Touring Ireland's Ancient East
My husband and I must have the “luck of the Irish”, as we returned to Ireland for another visit.
We chose an itinerary that is a little different than the regular tourist tours. Ireland’s Ancient East is more of a historical tour on the backroads of Eastern Ireland.
(Wexford Harbour, Wexford, Ireland)
This is the first time we’ve flown Aer Lingus – a direct flight from Toronto to Dublin – and I must say the food was very good.
Glendalough Monastic Site
(Glendalough Monastic Site Gateway)
As soon as we arrived and collected our luggage, it was off by tour bus south to Glendalough in County Wicklow.
We had a full Irish breakfast before a short tour of the Glendalough Monastic Site.
There are buildings dating back to the 6th century.
To enter you walk through the “Gateway”.
It was quite peaceful and quiet as we walked towards the settlement and cemetary.
This entrance is Ireland’s only surviving example of a medieval gateway to an early monastic city.
(Glendalough Monastic Site Cemetary)
(Glendalough Monastic Site Tombstones)
There are many historical buildings in this settlement, but what intrigued us the most were the numerous, very old tombstones.
Sadly, the majority are not taken care of and are falling over.
Many were not readable.
The main reason is because generations have passed away or have immigrated to other countries, especially due to the many famines over the years.
However, walking around you get a sense of peace and intrigue. Our curiosity was stirred and we’d love to choose one or two stones and do an ancestry of them.
Avoca Handweavers Mill
Time to visit a little happier place – the oldest handweaver mill in Ireland.
The Avoca Handweavers Mill (Avoca Villlage, Wicklow) is also one of the oldest handweaver mills in the world; it was mentioned on an ancient map dating back to the first century A.D.
In 1723 it was the place to be, with sheep farmers meeting to spin and weave their wool. In the 18th century the valley of Avoca was a booming community that included mining copper, zinc, lead, and gold, in addition to sheep farmers and wool weaving.
In the mid-1800s Mr. Nicholas Dunne purchased the property, making blankets for the army and unions. He made flannel in white, grey, and red colours, using local plants as a source of dye.
In 1926 the Wynne sisters purchased the mill and brought in vibrant colours, selling their goods internationally.
The Avoca Handweavers Mill was purchased by the Pratt family in 1974, and they retain ownership today.
(Avoca Handweavers Mill)
One of their workers is retiring after over 40 years of weaving. You could tell that he is “family” as the owner tried to persuade him to stay on.
Last stop of the day before heading to our hotel for the night was Wicklow Gaol (pronounced Jail), located on the coastal town of Wicklow in Wicklow County.
(Wicklow Gaol Jail Cells)
Keeping with our theme of the day, the Wicklow Gaol is the oldest in Ireland.
That’s right! We went to jail.
This gaol dates back to 1702 and served as a jail until 1924. It was not easy to be an inmate. They had a very hard life, especially if they were taken to the dungeon where the punishment was severe.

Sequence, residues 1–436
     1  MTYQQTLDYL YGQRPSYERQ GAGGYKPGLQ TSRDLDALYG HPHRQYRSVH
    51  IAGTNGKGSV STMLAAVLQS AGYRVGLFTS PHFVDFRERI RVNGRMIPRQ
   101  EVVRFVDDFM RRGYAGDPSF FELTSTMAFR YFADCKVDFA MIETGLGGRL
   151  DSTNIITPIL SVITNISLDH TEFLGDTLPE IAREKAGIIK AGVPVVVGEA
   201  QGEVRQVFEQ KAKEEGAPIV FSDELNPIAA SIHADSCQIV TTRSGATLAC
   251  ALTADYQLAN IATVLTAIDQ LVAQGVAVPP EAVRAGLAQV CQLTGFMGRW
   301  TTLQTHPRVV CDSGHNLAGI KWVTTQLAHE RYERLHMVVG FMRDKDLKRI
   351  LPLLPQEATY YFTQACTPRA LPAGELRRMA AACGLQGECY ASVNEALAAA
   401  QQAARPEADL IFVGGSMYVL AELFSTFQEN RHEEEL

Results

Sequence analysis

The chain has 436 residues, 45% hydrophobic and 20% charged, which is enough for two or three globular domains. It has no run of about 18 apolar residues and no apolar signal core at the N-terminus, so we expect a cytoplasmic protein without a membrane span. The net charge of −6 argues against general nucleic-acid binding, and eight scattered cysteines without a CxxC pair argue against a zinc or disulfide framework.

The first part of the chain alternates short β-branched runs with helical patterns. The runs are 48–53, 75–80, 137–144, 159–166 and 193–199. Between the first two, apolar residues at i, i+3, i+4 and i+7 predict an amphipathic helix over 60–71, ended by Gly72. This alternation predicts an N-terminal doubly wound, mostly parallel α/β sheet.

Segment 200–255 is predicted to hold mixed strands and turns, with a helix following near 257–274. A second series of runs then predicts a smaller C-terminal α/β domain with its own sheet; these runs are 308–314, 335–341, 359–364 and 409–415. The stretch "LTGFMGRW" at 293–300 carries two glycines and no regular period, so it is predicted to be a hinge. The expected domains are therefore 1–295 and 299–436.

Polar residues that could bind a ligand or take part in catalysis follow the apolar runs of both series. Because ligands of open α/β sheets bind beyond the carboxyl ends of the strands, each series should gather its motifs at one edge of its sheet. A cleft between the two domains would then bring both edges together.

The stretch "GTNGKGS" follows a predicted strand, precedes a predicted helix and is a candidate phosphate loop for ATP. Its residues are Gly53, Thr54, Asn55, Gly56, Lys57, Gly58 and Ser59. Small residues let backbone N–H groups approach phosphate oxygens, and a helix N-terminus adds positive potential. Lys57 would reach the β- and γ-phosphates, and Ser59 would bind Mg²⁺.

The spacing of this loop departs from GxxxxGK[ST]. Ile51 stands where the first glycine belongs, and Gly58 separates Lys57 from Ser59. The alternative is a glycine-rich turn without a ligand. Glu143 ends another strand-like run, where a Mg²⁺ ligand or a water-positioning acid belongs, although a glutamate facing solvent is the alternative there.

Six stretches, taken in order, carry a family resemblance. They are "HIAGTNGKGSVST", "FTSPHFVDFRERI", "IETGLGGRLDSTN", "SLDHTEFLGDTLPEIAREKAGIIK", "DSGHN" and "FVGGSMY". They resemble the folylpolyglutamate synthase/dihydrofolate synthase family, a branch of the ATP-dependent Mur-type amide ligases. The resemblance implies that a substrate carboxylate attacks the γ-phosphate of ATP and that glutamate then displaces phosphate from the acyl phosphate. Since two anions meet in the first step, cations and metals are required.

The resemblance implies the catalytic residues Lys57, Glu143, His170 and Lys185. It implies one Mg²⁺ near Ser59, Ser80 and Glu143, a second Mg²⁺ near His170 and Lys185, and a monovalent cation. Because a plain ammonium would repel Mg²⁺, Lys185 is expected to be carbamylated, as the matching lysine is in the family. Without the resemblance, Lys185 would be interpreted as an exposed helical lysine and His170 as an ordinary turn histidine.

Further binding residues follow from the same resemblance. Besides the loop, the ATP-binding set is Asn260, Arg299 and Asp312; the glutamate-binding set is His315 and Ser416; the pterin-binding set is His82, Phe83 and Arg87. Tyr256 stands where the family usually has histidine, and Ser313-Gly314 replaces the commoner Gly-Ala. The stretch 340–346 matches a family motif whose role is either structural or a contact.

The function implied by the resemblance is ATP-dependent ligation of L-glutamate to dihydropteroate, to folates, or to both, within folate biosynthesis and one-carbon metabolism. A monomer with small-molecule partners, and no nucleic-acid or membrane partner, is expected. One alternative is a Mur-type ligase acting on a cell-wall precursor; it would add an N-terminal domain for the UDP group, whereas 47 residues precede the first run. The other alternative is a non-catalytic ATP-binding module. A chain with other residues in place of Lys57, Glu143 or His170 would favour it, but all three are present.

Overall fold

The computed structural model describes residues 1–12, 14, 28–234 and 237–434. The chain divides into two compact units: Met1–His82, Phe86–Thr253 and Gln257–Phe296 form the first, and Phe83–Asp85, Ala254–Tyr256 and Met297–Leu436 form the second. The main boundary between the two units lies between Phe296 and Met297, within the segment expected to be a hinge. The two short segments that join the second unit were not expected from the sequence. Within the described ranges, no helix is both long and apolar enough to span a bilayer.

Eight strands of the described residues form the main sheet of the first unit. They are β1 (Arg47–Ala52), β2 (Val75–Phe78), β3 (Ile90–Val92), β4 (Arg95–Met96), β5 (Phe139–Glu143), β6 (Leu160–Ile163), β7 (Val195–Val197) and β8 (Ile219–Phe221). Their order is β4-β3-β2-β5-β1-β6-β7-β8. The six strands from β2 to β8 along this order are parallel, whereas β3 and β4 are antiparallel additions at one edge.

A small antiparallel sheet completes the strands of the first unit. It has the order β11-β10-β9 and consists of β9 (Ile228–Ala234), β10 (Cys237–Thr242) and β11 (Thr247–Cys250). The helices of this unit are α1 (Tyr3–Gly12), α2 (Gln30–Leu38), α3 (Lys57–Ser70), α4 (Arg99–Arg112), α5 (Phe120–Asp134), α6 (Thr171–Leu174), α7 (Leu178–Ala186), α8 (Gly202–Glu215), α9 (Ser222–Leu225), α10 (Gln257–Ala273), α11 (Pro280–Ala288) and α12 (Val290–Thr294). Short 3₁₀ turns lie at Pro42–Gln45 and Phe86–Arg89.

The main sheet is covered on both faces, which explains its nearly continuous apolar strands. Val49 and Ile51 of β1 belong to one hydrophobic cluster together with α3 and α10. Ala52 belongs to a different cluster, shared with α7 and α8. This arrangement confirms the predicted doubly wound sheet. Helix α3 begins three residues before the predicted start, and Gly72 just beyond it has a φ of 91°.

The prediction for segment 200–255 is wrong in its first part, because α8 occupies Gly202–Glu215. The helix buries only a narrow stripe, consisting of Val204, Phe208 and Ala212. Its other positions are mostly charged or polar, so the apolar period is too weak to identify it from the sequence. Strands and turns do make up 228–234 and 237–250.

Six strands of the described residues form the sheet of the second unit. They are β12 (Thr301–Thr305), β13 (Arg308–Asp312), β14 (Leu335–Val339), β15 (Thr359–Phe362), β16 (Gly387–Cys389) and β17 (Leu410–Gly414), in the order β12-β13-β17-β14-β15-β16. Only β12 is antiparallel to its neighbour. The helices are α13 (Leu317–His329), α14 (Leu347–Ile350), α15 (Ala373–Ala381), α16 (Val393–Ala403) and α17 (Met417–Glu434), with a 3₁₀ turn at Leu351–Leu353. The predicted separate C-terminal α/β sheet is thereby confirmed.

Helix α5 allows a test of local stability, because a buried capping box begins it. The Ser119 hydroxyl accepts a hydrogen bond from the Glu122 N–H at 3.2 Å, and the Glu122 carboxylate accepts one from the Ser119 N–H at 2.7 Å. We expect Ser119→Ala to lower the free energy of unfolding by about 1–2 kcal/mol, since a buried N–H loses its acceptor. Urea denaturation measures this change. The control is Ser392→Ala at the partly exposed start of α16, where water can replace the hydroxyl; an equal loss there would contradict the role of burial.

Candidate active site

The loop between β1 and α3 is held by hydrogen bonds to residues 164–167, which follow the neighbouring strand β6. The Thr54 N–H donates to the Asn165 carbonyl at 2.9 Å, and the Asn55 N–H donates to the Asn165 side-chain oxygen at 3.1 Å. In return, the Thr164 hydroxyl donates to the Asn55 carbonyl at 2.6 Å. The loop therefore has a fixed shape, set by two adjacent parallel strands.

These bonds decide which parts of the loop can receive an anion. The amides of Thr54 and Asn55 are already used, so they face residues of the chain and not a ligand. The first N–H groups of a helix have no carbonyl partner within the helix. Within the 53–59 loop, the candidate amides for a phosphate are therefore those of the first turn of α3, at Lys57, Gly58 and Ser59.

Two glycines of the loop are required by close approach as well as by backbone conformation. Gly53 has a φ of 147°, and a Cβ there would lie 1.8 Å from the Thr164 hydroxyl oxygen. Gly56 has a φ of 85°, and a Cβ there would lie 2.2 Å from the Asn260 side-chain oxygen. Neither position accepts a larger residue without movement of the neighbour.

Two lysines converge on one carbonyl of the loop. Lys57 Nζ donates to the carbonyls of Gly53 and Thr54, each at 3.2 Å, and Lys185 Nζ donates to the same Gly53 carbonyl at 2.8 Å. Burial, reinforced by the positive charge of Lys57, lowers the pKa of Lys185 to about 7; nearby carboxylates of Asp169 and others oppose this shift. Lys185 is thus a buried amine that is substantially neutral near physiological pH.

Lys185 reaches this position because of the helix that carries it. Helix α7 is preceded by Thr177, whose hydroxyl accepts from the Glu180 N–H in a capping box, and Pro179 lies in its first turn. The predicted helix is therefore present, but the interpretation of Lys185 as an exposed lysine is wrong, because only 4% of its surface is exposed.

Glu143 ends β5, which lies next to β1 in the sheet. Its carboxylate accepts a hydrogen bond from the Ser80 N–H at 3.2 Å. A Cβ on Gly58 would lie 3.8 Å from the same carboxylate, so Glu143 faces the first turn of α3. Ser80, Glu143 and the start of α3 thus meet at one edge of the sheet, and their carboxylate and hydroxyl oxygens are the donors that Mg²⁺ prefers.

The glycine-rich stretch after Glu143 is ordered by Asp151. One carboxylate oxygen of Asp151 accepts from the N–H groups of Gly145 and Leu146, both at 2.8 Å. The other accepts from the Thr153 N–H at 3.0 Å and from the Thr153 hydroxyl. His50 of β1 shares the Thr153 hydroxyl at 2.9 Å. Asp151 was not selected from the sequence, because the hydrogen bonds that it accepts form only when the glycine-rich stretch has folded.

The oldest person held in the Wicklow Gaol was 90-year-old Ellen Walsh – jailed for not paying her taxes. One of the first inmates of Wicklow Gaol was Father Owen McFee; he was arrested in the early 1700s for having a Catholic Mass (back then it was against the law).
(Below) In the front of the gaol at the top is where they had public hangings.
The inmate had to pay for the rope which hung them. If they couldn’t pay, then their family had to; if the family couldn’t pay, then they were jailed too, creating a continuous cycle of injustice.
Dunbrody Famine Ship
After a great night’s sleep we were ready for a new day. First stop was a visit to the Dunbrody Famine Ship, located in the town of New Ross, in County Wexford.
The Dunbrody Famine Ship is a reconstruction of the original ship that was built in 1845 by Thomas Hamilton Oliver, an Irish emigrant. As you watch a 9-minute audio-visual presentation, you get a feel for what life was like during the potato famine, and why so many died or emigrated to other countries.
(Dunbrody Famine Ship)
On the ship, you are drawn into the story of how the emigrants had only 30 minutes in a 24-hour time period to be up on deck in the sunshine or rain. During that time they had work to do so it wasn’t a relaxing journey.
Below deck we were treated to a story by an actor, giving an account of how her family of 10 had to take turns sleeping on a 6’x6′ bed, alongside any belongings they’d brought with them.
The parents and 2 children passed away during the voyage, so other family members in America had to take the surviving children.
To discourage pirates and others from attacking the ship, The Dunbrody was painted on the outside with white stripes to signalling the ship was armed. The reality was that they weren’t armed at all, but the pirates thought they had cannons on board.
We headed south-west into County Waterford and the town of Waterford, which is internationally famous for it’s Waterford Crystal.
Moving forward a few years in history, we stopped at the “Kennedy Homestead“. President John F. Kennedy visited Ireland in June 1963. The homestead is the birthplace of JFK’s great-grandfather, and is still owned by his descendants.
(JFK Kennedy Homestead Visit)
President Kennedy stopped by to visit his cousin and have tea, and promised to return with his wife and children. Unfortunately he was assassinated a few months later.